Give it a minute and it will show up. SOMEONE will be blogging or broadcasting on TV. Perhaps Jack and Rexalla (oh Jack!) van Impe will have something about it possibly being a sign of the end.
Chrsitians in America would do well to remember that just because a disease you've never heard of until last week is making the rounds doesn't mean it proves that we're living in the end times. We've been living in the end times since John the Baptist but most American Christians seem too unaware of the nature of eschatological expression in Jewish and early Christian thought to get that. I can't imagine that the number of people who have died of swine flu in the West is even a drop in the bucket compared to pandemics in Africa and elsewhere. Not belittling sufffering in the United States at all so much as belittling the impulse of American Christians to see every emergence of something modern medicine can't quite lick in a week and a half before you've heard of the disease as a sign of the end times.
I have said it before and I will say it again, too much discussion of end times anything in American Christianity seems like a mash up of fears--winnow away the rhetoric and bluster and out-of-context and eisegeted Scripture and the fears take on familiar faces: fears about political, religious, ethnic, racial, economic, ideological or sexual bad guys winning the day and ripping the last shreds of some benighted Christendom from the weary fingers of Christians who remember the good old days of some bygone epoch that may well have existed chiefly in our feeble imagining of history. The earliest Christians did not by and large suffer from this particular self-aggrandizing delusion. I would explain the situation at Corinth were it not so needless. You can do your own homework on that.
Too many Christians who quite simply ought to know better completely bungle apocalyptic literature. The apocalyptic literature that literally became biblical does not merely bewail a coming apocalypse where the end of all things comes, it considers that in and through Christ those things that are most beautiful transcend this life and literally cannot be destroyed by the worst that life and death can throw down. The book of Revelation should not be read as though it were some giant iteration of Bill Paxton's "GAME OVER MAN!!" from Aliens, which is often how Christians seem to handle it in the United States. They make it a book of their own fears and not one of hope in Christ.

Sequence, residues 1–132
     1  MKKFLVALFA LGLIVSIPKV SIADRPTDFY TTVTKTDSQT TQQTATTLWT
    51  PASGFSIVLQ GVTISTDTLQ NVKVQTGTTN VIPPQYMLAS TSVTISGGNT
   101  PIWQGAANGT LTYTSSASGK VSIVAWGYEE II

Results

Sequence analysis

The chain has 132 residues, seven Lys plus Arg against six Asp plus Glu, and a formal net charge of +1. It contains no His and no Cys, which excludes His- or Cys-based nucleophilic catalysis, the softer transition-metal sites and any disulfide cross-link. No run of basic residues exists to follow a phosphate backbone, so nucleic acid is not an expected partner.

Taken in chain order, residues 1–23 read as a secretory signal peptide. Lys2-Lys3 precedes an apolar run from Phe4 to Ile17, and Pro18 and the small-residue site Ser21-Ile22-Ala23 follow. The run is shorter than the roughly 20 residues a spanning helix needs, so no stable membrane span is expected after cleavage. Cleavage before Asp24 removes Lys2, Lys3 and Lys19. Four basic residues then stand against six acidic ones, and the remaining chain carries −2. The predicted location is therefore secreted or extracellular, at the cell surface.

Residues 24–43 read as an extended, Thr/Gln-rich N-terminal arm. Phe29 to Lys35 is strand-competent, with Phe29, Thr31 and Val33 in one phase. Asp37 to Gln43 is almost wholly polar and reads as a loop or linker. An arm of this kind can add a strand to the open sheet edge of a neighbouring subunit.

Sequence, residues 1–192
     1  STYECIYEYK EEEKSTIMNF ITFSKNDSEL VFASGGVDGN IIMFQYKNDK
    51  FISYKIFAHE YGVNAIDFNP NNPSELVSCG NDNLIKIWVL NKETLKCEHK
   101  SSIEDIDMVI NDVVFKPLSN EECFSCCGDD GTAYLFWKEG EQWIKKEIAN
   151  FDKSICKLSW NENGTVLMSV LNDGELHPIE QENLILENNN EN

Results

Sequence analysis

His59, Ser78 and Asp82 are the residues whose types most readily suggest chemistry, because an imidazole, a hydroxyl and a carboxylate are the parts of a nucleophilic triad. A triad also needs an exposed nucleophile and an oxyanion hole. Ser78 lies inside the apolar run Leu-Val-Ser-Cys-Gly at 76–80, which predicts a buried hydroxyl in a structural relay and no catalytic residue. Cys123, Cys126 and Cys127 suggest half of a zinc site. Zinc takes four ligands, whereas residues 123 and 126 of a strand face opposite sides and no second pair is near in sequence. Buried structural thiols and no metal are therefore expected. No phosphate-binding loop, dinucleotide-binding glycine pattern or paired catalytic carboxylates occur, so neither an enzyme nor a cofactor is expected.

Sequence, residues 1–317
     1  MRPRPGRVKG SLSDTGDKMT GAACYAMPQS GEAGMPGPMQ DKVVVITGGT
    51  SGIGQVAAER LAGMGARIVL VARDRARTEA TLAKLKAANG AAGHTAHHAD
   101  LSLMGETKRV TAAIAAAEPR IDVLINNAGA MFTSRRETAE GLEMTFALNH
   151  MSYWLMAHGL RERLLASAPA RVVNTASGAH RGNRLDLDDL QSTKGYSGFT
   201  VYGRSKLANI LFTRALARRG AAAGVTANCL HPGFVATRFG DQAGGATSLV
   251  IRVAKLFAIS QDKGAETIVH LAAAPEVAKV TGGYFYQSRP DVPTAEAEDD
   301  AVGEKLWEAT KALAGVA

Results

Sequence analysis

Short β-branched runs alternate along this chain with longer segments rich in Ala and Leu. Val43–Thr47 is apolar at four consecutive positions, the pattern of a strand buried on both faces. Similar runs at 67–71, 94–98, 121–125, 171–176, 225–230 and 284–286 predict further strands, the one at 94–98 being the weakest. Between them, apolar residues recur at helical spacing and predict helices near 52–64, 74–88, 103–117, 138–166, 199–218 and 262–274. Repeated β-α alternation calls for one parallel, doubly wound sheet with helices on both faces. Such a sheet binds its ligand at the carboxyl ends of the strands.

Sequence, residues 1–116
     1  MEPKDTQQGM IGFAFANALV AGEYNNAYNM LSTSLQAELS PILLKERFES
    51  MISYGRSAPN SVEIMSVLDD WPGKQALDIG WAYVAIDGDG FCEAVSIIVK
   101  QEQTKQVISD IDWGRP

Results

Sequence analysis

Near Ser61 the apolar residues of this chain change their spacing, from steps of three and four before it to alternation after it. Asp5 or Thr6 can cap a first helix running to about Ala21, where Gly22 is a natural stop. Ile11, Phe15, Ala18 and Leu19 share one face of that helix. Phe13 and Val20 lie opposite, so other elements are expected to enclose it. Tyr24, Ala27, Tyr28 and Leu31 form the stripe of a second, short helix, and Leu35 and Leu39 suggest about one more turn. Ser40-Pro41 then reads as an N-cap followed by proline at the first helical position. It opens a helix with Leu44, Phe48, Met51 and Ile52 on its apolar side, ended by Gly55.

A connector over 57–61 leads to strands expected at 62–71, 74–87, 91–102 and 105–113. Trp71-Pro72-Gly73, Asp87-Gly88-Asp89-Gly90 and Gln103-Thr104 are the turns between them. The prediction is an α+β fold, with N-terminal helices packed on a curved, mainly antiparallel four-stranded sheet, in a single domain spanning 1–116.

I am not one of those "pan" millenialists who thinks it will all "pan out" in the end. I'm not a postmillenialist or a pre-millenialist. I lean decidedly amillenial partial preterist and don't take the tribulation as being anything unusual that Christians will be "raptured" from. The book itself says those destined for captivity will go into captivity and that those who slay with the sword will be slain with the sword, here is perserverance for the saints, as it goes. I kid you not, though, I discovered that at a church I was attending (this happened about five years ago) that a friend of mine had to explain to someone that I am not, in fact, a heretic for identifying as an amillenial partial preterist. It's a common view, historically, within the faith, and while it is highly unusual for an AMERICAN evangelical Protestant it's probably far more the norm than the historicist/futurist dispensationalism present in our country.
I trust that by and large MOST people will not look at swine flu as though it were the contents of one of the seven golden bowls. Still, I remember growing up hearing explanations about locusts representing helicopters or other sorts of fanciful allegorical interpretations taken by various people. Very few people interpret Revelation literally even when they pretend to themselves and others that the images are made to speak and take that as referring to television. If you know that the keeping of the Passover is as a mark on the right hand or a mark above the eyes then you know that within the Jewish idiom the Revelator drew upon that the mark of the Beast may not be anything particularly literal at all but a custom or ritual that defined one's allegiance to a god other than Christ.